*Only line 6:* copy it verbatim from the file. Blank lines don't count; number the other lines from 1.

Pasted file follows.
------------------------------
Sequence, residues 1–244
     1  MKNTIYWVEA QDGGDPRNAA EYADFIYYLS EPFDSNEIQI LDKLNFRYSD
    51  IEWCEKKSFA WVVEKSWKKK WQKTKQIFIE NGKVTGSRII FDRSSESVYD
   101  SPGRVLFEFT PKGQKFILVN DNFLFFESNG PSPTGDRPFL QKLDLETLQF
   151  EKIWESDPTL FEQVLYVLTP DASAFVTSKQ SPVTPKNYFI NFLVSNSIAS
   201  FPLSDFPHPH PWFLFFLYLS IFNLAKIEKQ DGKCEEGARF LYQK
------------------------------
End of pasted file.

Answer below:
   201  FPLSDFPHPH PWFLFFLYLS IFNLAKIEKQ DGKCEEGARF LYQK